Roasted pumpkin seeds are a thing of nostalgia for me. There was at least one time a year that I had roasted pumpkin seeds for as long as I can remember. Pumpkin carving night. Which was always a day or two before Halloween. My mom would lay out newspaper all over the kitchen floor as my dad opened and scooped out the pumpkin innards and plopped them into a big ol’ pile on the paper. My younger sisters and I would then pick the seeds out and place them in a big ol’ bowl that my mom would take for us and bake while we went on to carve our jack o lanterns. Once all of our pumpkins were carved, my dad would take them all outside and gather us around as he placed a candle inside each one and lit them. And as we all stood there covered in pumpkin pulp, hands sore from the hours of meticulously carving, we would eat the warm pumpkin seeds while admiring our handiwork. Those magical holiday moments are so special, we remember them years later and pass those traditions on to our kids.
So- let’s make some magic together, shall we? 😉 Read on for my families roasted pumpkin seed recipe!
First we gotta extract the seeds. Cut a hole in the top of your pumpkin around the stem if you are planning to use it as a jack o lantern (make sure to do this at an angle so your pumpkin top doesn’t just slip inside your scooped out pumpkin- it might have taken the first twelve years of my life to discover this for myself!) If you are planning to cook with your pumpkin you can just cut the whole darn thing right in half!
Either way, take a big metal spoon and scoop out the pumpkin guts. Once your pumpkin is all clean, set aside for carving or roasting and turn your attention to the pumpkin innards. This is the fun part. I recommend putting on a pair of gloves because it’s about to get real messy in here. Separate the seeds from the pulpy innards as best you can. If you are planning to make a pumpkin stock, try to save as much of the pulp as possible. Place the pumpkin seeds into a colander. Once you’ve separated all of the seeds from the pulp it’s time to rinse them in warm water to get all the pulp residue off.
This is a good time to preheat your oven to 350. Boil a pot of salt water. Use about 2 cups of water and 2 teaspoons of salt per ½ cup of pumpkin seeds. Use more or less salt as you see fit. Once the water is at a boil, add the pumpkin seeds and keep at a gentle boil for 12 or so minutes. This step helps to soften the seeds, making them easier to chew and digest. It takes away the ‘raw’ texture that seeds can have if you omit this step. After the 12 minutes is up drain the seeds, dry off with a paper towel and put your seeds in a clean bowl.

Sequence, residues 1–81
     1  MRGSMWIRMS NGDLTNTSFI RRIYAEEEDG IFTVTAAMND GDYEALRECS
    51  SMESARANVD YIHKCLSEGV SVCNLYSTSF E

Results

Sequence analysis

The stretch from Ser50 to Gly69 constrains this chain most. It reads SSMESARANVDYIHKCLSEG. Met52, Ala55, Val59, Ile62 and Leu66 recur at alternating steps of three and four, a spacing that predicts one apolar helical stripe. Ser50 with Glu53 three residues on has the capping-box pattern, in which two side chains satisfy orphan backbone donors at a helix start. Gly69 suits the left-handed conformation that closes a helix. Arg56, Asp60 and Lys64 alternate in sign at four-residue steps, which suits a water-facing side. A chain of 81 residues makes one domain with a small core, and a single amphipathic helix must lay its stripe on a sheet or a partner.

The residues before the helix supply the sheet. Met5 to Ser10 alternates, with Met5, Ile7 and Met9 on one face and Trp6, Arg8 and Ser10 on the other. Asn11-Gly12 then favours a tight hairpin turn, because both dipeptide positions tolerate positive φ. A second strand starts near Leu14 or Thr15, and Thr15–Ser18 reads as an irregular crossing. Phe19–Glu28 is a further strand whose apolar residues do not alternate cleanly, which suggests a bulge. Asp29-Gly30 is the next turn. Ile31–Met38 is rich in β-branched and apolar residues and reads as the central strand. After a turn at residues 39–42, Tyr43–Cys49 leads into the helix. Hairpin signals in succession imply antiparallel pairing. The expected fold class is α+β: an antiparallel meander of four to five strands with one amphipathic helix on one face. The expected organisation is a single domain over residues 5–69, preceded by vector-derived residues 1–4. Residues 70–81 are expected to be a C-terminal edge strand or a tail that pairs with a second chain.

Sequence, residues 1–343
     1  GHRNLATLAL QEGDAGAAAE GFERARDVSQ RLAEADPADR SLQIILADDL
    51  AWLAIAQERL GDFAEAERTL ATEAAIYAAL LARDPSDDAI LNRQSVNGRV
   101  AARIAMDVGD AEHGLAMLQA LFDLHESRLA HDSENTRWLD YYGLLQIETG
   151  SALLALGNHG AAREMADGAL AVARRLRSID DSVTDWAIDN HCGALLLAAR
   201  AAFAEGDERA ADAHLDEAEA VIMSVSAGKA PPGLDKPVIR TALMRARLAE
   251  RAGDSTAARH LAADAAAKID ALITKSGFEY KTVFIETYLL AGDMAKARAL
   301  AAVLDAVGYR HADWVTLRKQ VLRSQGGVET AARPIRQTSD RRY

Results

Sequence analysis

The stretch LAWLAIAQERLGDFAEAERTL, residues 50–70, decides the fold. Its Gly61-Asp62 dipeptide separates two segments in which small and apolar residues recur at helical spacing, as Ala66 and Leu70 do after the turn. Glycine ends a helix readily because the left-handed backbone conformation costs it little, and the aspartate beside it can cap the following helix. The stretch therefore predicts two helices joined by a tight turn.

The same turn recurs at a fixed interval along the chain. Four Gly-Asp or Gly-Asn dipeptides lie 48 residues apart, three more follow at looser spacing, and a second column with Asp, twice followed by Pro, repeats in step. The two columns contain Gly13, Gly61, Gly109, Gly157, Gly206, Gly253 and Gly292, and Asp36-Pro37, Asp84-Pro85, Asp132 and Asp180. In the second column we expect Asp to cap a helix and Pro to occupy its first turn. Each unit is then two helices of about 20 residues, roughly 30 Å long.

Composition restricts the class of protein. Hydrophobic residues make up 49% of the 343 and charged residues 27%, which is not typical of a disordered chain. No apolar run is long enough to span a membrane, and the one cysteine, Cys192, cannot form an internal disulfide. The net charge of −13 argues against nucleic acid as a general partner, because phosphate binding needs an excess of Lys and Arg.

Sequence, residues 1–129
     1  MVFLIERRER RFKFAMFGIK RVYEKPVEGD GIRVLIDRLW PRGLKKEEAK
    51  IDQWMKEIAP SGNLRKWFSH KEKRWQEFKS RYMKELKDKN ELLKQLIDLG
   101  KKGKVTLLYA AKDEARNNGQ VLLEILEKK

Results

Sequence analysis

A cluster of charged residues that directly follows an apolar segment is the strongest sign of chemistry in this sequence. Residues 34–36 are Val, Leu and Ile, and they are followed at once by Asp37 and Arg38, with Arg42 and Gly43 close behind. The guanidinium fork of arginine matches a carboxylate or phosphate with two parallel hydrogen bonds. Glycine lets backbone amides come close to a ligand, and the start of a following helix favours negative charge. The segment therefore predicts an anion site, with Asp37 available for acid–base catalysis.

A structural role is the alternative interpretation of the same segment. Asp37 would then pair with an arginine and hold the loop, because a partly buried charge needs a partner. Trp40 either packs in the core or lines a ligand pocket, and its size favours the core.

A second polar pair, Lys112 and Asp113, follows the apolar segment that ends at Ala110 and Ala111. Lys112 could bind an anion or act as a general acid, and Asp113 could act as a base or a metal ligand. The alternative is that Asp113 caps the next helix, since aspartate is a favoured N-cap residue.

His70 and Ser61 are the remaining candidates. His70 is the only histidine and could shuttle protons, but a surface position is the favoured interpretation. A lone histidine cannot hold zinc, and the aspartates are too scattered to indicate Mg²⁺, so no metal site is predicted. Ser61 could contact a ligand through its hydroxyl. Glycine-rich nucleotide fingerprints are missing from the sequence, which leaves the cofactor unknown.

Drizzle with just enough olive oil to coat the seeds and add whatever seasonings you enjoy! My suggestions include:
-cinnamon and sugar
You can pretty much use whatever seasonings you want! Once you have added your desired spices in your desired amounts, give the seeds a good stir to coat them all evenly. Line a baking sheet with foil and spread out the seeds evenly.
Bake for 8 minutes, give a stir and bake for an additional 8 more minutes until just beginning to brown. Sacrifice a few seeds for a taste test. Due to such drastic difference in sizes between pumpkin types, you will have to keep an eye on them. They are done when the outer shell is crispy and easy to chew, and the inner seed is just turning brown.
Let cool, or if you are anything like me, devour immediately.
Did I mention how great pumpkin seeds are for you? They are low in calorie and saturated fats, while high in magnesium, zinc and antioxidants. And the added protein and fiber can’t hurt either!
So let’s do a recap of why pumpkin seeds are so awesome…
1.) They’re super good for you!
2.) You can make them from home
3.) Reduces the waste when you and your family are carving those pumpkins anyway and
4.) They’re just plain fun! Never miss an opportunity to have some fun with your family!
See what else to do with pumpkins this fall here!